Harmful Impacts of the PolyMet Sulfide Mine

It is widely recognized that sulfide mining in Minnesota would have devastating effects on our wilderness areas and water quality. Many Minnesotans recognize that sulfide mining has a dismal track record of 100 percent failure to protect water quality in a water-rich environment, like that of northern Minnesota. In other words, sulfide mining is virtually guaranteed to contaminate Minnesota’s surface water and groundwater with acid mine drainage and toxic metals.
Acid mine drainage flows through a stream in western Pennsylvania. Photo by Nathaniel Warner.
What is less widely-known, but of enormous importance to understand, is the wide range of harms posed by the PolyMet copper-nickel mine. Downstream communities, human health, environmental injustice, and climate change would all be adversely impacted. PolyMet’s relationship with Glencore, a notorious multinational bad actor, exacerbates these threats to people and the environment.

Catastrophic Tailings Dam Failure

PolyMet suggests that its mine would have only local impacts, since it would be 175 “river miles” from Lake Superior. However, a United Nations environment report on tailings dam failures found that a tailings dam failure could release a “tsunami-like wave of mine waste.” In the case of the Fundão tailings dam failure in Samarco, Brazil, mine waste traveled 385 miles downriver until it reached the Atlantic Ocean. PolyMet’s tailings dam uses the same unreasonably dangerous “upstream” tailings dam construction that failed in Samarco and has resulted in 66% of major tailings dam breaches worldwide. If the PolyMet tailings dam failed, mine waste could flow down the St. Louis River and contaminate Lake Superior.

Mercury & Harm to Human Health

The PolyMet mine would release mercury into the air and water, emit sulfur air pollution, and discharge sulfate to water. Mine operations would excavate, drain, and rewet wetlands. All of these damaging effects would increase mercury contamination of fish, threatening the developing brains of Minnesota fetuses, infants, and children. The PolyMet mine would also discharge toxic arsenic and lead, and would emit dangerous particulates into the air. Groups representing more than 30,000 Minnesota doctors, nurses, and other health professionals called for (but did not secure) a health impact assessment before the PolyMet mine was approved.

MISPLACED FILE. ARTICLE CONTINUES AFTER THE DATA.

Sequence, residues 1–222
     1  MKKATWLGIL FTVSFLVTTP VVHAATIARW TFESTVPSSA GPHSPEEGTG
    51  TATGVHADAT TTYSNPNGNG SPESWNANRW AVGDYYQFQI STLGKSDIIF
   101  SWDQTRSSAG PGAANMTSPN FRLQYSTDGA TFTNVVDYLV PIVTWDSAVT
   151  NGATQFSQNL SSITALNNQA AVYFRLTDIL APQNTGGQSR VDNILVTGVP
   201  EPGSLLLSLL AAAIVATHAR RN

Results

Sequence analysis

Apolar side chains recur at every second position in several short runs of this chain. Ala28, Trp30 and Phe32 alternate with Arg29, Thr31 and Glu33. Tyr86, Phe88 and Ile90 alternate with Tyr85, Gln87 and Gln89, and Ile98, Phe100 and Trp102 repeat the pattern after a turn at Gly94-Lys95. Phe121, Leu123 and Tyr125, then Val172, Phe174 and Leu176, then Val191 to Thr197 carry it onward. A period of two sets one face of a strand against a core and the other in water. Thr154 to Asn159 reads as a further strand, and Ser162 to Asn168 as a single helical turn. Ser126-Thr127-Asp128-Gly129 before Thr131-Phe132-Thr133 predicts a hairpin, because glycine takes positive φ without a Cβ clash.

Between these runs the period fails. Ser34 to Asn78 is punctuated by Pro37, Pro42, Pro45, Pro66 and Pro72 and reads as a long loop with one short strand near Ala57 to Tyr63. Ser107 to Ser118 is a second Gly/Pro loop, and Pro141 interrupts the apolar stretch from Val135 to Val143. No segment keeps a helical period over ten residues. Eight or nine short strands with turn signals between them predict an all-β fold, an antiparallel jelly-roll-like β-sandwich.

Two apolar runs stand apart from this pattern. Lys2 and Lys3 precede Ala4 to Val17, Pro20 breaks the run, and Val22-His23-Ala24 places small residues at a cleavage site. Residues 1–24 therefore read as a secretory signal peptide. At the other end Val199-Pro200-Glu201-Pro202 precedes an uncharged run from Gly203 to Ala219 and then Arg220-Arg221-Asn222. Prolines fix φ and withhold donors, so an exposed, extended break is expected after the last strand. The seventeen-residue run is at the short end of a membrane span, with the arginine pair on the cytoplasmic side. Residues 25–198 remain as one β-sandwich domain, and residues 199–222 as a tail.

Environmental Injustice

Environmental justice is the basic principle that tribes and low-income or minority communities should not bear a disproportionate burden of harm from actions permitted by the government. But, the PolyMet sulfide mine would be located on 1854 Treaty lands where the Ojibwe people have treaty rights to hunt, fish, and gather plants. PolyMet sulfate pollution would destroy downstream wild rice (manoomin) a resource vital to Ojibwe people for food, culture, and economics. Increased mercury contamination from the PolyMet mine would also have a disproportionate impact on the downstream Fond du Lac Reservation and on tribal members who rely on fish for subsistence. The PolyMet sulfide mine would result in environmental injustice.

Climate Change Harm

Mining of copper and other recyclable metals creates a substantial – and avoidable – impact on climate crisis. Data from PolyMet environmental review shows that the annual impact of the PolyMet mine would be one-fourth the carbon dioxide equivalent footprint of the entire city of Duluth. As an alternative to the harmful impacts of mining and processing, existing copper can be recycled over and over. Recycling copper would save 90% of the fossil-fuel energy of a project like PolyMet.

Glencore Engagement with PolyMet

Glencore is a huge foreign corporation based in Switzerland with more than $200 billion in annual revenues. This notorious global mining and commodities giant acquired a 72% controlling interest in PolyMet in June 2019, after all of PolyMet’s permits were issued. Glencore, now effectively in control of the PolyMet mine project, is also known as one of the world’s worst corporations due to labor rights abuses, environmental degradation, and failure to take responsibility for toxic pollution. Glencore is also under criminal investigation in several countries for bribery and corruption.